The majority of New Zealanders are utterly fed up with this victimhood stance assumed to day by those with even a minor part - or smidgen of Maori blood who did not in any way experience any of the inevitable past wrongs of history (and this went both ways) and who are graceless (or cunning) enough to fail to acknowledge the enormous benefits they have received through the columnists coming to this country.

It is almost incredible to think that yet another $500 million - yes $500 million !! is now being lined up to pay for yet another tribal claim which may well need much closer scrutiny than many of these have received in the past.

We are being rorted - It is breaking the back of the country - and it's time that the whole Waitangi industry was laid to rest.

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Hi. Appreciate you taking the time to comment. Hone Harawira would be bemused, nay even offended, at my being described as a Maori activist. He's worked hard to own that label and will be annoyed to see a free trade pro business Maori as myself being awarded that coveted activist title. Best - Ward.

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You are a gentleman Ward! I would've replied Poko! ktk

Kia kaha e hoa!

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Nice response WK. Weird how people use a strange tangent ("brown privilege?") to express their frustration at the world when your article is about embracing the philosophy of trade with others.

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Ward, it's a mistake to think of the CPTPPA as a free trade agreement. It's not. It's 6000 of pages specifying *restrictions* on trade. How is that in NZ's interest?

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The last three paragraphs of your article are brilliant. I am a descendant of the European settlers. There is some Walsh, Scottish and other. At times I wince. At times thoroughly annoyed or angry when the victimised Maori monopolise the likes of Facebook to abuse any and all Europeans.

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I have been following the TPPA and CPTPP since 2009-2010. My advice. Basically nobody stands to gain from CPTPP. Unless you're a Rockefeller, McCormick, Dudley–Winthrop. Or a current big player in Merrill Lynch, Bank of America, or other. Those banks can trace their money (and almost def their members family lineage) way, WAY back. No the current people who do not have a silver spoon in their mouth. They may want to be part of the next generation of entrepreneurs. Or just want to have a steady job and get a mortgage for a decent house. CPTPP could allow another GFC to happen. And those who caused it not being held to account. People in such diverse fields as: broadcasting, university lectures, medical fields etc. And more. All have very genuine concerns. CPTPP will be a very brave step forward and good for many. No strike that. CPTPP will be a very dangerous 100-300 steps backwards. In terms of all third to forth generation born Kiwi people. Or recent immigrants or holiday makers.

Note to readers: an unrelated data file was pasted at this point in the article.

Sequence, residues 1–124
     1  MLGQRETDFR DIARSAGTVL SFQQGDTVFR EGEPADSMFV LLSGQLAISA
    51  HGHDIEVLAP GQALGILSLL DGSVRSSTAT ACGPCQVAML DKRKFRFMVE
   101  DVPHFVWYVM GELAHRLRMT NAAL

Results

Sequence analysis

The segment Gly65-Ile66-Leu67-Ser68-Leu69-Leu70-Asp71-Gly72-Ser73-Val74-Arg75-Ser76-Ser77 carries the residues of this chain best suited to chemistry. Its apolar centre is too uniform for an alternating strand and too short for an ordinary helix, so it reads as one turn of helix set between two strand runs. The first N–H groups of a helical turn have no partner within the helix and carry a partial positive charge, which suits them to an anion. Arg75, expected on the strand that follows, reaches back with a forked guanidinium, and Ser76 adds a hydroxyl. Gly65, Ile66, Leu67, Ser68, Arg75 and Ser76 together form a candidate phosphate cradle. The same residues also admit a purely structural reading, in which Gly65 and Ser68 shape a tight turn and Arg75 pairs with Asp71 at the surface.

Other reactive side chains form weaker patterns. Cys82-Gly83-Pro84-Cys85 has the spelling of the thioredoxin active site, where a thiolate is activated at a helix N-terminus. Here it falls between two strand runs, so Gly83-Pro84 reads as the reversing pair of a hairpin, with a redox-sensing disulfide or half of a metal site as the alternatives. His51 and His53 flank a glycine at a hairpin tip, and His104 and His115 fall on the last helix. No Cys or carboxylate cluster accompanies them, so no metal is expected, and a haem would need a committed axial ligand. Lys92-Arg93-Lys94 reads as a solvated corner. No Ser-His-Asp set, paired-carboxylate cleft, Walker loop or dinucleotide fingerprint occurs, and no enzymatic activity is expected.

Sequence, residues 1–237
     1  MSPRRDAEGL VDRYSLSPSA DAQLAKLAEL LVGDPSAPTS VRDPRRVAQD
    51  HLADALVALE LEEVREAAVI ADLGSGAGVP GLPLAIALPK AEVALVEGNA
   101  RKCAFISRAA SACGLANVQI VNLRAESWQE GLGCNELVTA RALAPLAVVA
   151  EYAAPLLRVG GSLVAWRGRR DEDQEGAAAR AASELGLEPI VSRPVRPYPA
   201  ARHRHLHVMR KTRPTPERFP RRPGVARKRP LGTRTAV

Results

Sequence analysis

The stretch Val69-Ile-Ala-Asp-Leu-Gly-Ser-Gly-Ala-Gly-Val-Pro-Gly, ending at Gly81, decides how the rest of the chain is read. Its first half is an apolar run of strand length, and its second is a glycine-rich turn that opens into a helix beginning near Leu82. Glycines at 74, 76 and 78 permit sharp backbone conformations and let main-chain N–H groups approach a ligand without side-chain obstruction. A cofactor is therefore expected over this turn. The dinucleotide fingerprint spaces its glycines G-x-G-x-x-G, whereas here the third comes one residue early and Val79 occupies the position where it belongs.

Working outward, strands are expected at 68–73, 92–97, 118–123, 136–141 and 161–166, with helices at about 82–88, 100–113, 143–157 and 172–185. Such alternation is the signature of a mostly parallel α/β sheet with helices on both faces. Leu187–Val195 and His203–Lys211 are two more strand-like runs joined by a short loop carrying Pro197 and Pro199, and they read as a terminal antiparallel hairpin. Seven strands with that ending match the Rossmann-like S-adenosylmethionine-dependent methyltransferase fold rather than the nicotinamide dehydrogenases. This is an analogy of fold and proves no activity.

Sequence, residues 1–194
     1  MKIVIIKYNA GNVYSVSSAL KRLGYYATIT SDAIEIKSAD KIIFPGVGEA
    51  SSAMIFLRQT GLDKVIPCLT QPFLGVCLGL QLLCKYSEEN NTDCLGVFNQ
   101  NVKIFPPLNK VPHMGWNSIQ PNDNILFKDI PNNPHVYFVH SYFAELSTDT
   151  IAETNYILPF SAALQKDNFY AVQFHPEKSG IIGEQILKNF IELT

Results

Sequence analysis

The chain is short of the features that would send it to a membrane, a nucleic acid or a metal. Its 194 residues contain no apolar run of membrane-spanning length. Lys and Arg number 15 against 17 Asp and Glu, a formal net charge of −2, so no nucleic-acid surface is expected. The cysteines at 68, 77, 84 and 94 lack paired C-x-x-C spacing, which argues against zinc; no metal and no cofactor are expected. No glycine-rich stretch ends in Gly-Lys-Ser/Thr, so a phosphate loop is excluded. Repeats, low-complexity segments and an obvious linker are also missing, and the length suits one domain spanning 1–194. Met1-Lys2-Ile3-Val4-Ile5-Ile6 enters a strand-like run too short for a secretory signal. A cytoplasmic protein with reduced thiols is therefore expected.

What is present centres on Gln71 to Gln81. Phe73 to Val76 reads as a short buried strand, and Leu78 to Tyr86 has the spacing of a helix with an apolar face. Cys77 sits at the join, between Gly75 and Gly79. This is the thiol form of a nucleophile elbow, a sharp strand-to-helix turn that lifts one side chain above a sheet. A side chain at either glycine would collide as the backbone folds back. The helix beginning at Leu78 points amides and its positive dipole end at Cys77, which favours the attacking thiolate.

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Gosh eh B Jensen, so the Big Banks you mention can trace their money all the way to past Big Names. What a good thing the Big Names made so much money in their time, even better to know it is still at work today funding businesses and trade. Long may it continue

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Bruce. I might not have made it clear that I am not anti any and all money. Income (big or small) made by ethical means and for the good of the general public. That is to be applauded and congratulated. It is dangerous and exploitative trading and financial practices I am talking about. Oops, might not have made that clear.

I cannot help but notice your somewhat patronising tones. GFC was the product of selfish trading and unethical marketing of commodities as being A+ when they were really more life D-.

Ethical money enabling business and trade. Yes, I am keep for it to keep going. I was not proposing some alternative, protectionist model.

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Really exciting to live in a society that is multicultural
and understanding of our history.
Some pseudo history buffs will always have an opinion to ‘put out there’ and euphemisms aside,
we all enjoy largely an egalitarian society....
Because we have chosen not to be insular, in our international trading, we will of course attract criticism and that’s good.
Brexit, on the other hand is a myopic move by a nation that once was the known for its open door policy in a trading sense.
As to the on going issue with the Waitangi Tribunal.
History will sit in judgement as to the rights and wrongs of this proponent of justice perceived or blinded by the reality of political indifference to it, as a mechanism of equality.
For my money, taxation is a rort if poorly metered out.
Captain Cook was a brilliant navigator, but just a servant of the English Crown. Sine die.

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Yeah, I think this advocacy on behalf of the CPTPPA is based on a lot of misplaced trust in corporations and far too little understanding of how it will actually work (or not, more to the point). Embracing the CPTPPA is like inviting your colonisers (overseas multinationals in this case) to come and join you for dinner, giving them naming rights for the event, and pointing out all the secret passageways into the Pa so as to minimise their trouble when they decide to take it from you. The CPTPPA doesn't 'reduce trade barriers'. That is a deeply flawed understanding of what it is. It is a 6000 page document which describes what gov'ts can and can't do, and how they will kowtow to a new form of coloniser that isn't bound by inconveniences like democratic elections and citizens' rights. Sorry, Ward, on this one you're batting for the wrong team.

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What you had to say on this matter is brilliant, Dave Lane. Thanks for a well thought-out and worded contribution on this matter. More people like you are needed. Who don't just take what is drip-feed to them and accept it at face value. Congrats to you.

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Cook, recalling day 1 in NZ: "We made them every one presents, but this did not satisfy them; they wanted everything we had about us, particularly our Arms, and made several attempts to snatch them out of our hands."

Not my definition of free trade.

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Seems like not much has changed from back then.